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Video captures Border Patrol rescue of two migrant children in Rio Grande


Two Honduran children found clinging to an island surrounded by a powerful current in the Rio Grande were rescued by Border Patrol agents last week and taken into custody, the region’s top border official said, the latest example of the dangers migrants face as a growing number desperately attempt to reach the US.

The children, ages seven and 13, were discovered by Border Patrol agents patrolling the river on Thursday, according to US Border Patrol Del Rio Chief Patrol Agent Austin Skero.

“The kids were scared,” Skero said in an interview with CNN.

The agents were on patrol in airboats when they came upon “small hand and footprints” on an island in the middle of the Rio Grande, he said. The agents become suspicious, followed the tracks, and found the two children, Skero added.

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When the agents approached the children, the pair tried to enter the river and reach the boat, but an agent told them to stay where they were and maneuvered the vessel closer. The children were then safely pulled onboard the vessel.

Both of the children, who are not related, told authorities that they were separated from their mothers in Mexico and encountered an adult man claiming he would help them cross into the United States. The children were abandoned on the riverbank, Skero said.

“It’s awful to see this, but it seems that we’re seeing it more and more,” Skero told CNN. “Kids are winding up abandoned on the river, or they cross by themselves. And we find them by themselves in the middle of branches, with nothing more than say a lanyard around their neck with a phone number and a name.”

The rescue comes as the Biden administration has struggled to keep up with the pace of apprehensions on the border, leaving hundreds of children in Border Patrol custody beyond the legal 72-hour limit.

Apprehensions of unaccompanied children in the Del Rio sector are up 230% this fiscal year, said Skero. Smuggling cases are also up this year, as well as the number of criminals, like sex offenders, arrested on the border.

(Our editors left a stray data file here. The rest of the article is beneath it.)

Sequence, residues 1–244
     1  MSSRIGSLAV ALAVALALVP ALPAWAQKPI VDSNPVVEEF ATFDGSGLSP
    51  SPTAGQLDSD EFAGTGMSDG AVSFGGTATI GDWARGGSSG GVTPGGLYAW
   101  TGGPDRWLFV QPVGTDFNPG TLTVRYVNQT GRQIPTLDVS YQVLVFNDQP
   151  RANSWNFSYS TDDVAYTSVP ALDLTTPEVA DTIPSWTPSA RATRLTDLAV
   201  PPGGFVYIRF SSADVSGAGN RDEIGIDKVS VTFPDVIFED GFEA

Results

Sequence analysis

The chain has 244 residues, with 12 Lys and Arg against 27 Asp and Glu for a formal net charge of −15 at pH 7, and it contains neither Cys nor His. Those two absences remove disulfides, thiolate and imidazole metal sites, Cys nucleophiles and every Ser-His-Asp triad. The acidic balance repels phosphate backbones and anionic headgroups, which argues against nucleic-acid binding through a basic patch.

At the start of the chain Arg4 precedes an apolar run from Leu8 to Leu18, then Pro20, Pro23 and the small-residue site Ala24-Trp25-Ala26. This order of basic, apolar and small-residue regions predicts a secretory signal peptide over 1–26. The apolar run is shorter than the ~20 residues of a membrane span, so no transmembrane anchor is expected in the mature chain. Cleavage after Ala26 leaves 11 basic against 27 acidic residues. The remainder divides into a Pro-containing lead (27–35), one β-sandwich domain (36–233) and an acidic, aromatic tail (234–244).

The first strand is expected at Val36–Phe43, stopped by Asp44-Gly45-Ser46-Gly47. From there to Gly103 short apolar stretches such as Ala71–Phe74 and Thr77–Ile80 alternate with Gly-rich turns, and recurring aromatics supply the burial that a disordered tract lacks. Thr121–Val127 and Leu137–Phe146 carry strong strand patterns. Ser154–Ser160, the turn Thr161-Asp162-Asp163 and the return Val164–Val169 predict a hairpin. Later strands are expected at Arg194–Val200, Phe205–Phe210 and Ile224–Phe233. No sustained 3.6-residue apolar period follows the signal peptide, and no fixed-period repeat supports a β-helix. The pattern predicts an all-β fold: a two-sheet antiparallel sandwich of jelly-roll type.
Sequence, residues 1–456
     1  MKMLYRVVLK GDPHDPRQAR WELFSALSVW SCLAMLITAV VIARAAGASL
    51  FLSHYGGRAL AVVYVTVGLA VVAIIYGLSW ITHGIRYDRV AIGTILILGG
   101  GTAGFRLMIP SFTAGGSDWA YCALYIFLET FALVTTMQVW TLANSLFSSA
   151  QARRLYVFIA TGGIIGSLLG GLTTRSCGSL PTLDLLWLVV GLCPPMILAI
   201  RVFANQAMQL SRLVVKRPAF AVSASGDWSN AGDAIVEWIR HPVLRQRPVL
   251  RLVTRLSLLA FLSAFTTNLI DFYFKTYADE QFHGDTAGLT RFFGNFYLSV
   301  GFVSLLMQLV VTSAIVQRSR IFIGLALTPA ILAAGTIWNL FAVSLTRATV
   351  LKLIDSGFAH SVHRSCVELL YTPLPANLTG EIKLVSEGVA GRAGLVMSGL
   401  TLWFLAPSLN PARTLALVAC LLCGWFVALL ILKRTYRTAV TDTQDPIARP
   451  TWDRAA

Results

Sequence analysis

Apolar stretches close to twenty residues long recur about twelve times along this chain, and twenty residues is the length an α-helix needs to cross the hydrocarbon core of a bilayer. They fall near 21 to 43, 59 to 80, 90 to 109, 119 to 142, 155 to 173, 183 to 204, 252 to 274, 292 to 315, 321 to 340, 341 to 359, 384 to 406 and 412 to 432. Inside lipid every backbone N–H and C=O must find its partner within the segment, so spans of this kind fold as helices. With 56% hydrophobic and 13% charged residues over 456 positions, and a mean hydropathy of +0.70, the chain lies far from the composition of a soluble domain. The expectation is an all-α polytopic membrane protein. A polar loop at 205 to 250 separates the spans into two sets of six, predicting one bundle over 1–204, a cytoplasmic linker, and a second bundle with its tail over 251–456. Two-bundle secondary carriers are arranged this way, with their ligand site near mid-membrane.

There are “more people than we’ve ever experienced,” arriving at the border, Skero said, which is prompting more incidents and rescues. “I’ve never experienced anything like it.”

The “mass of humanity” arriving at the border has caused another problem, Skero said. While agents are occupied processing large groups and children that turn themselves in to authorities, others are evading apprehension. Since October, around 29,000 people have crossed unlawfully and evaded arrest, Skero said.

The terrain in the region is inhospitable, Skero said, pointing out that while the river water often looks calm, it can have a very strong undercurrent.

According to the Border Patrol, there have been nearly 700 rescues this fiscal year in the Del Rio sector, which covers a 245-mile stretch of the Rio Grande and Lake Amistad on the US-Mexico border.

The children are “healthy and doing well,” Skero said, and being held at the temporary tent facility in Eagle Pass, Texas, while awaiting transfer to Health and Human Services custody. The full circumstance of their journey is unknown, but according to government records, this is the first time the children were apprehended by Border Patrol.

The 13-year-old told agents that he was on a train in Mexico with his mother and brothers when Mexican immigration authorities boarded, prompting his family members to flee. But the boy remained on the train and continued alone.

The 7-year-old said he had stopped to sleep, along with his mother, near a river in Mexico and when he awoke she was gone.

“These are some of the stories that happen with these kids. They are either abandoned on the river, or they’re abandoned by smugglers or somehow, they become separated from their families,” Skero said.

The Border Patrol agents involved in the rescue of the two kids were involved in another rescue several weeks earlier. During that incident, the agents saved a mother and a boy who were drowning. But unfortunately, they were not able to resuscitate a daughter, Skero said.

And in January, Border Patrol agents responded to a report of two subjects who had “been swept away by the swift water,” Skero said. About a week later, agents found the body of a woman who appeared to be pregnant with twins.

“This weighs heavily on our agents,” he said.

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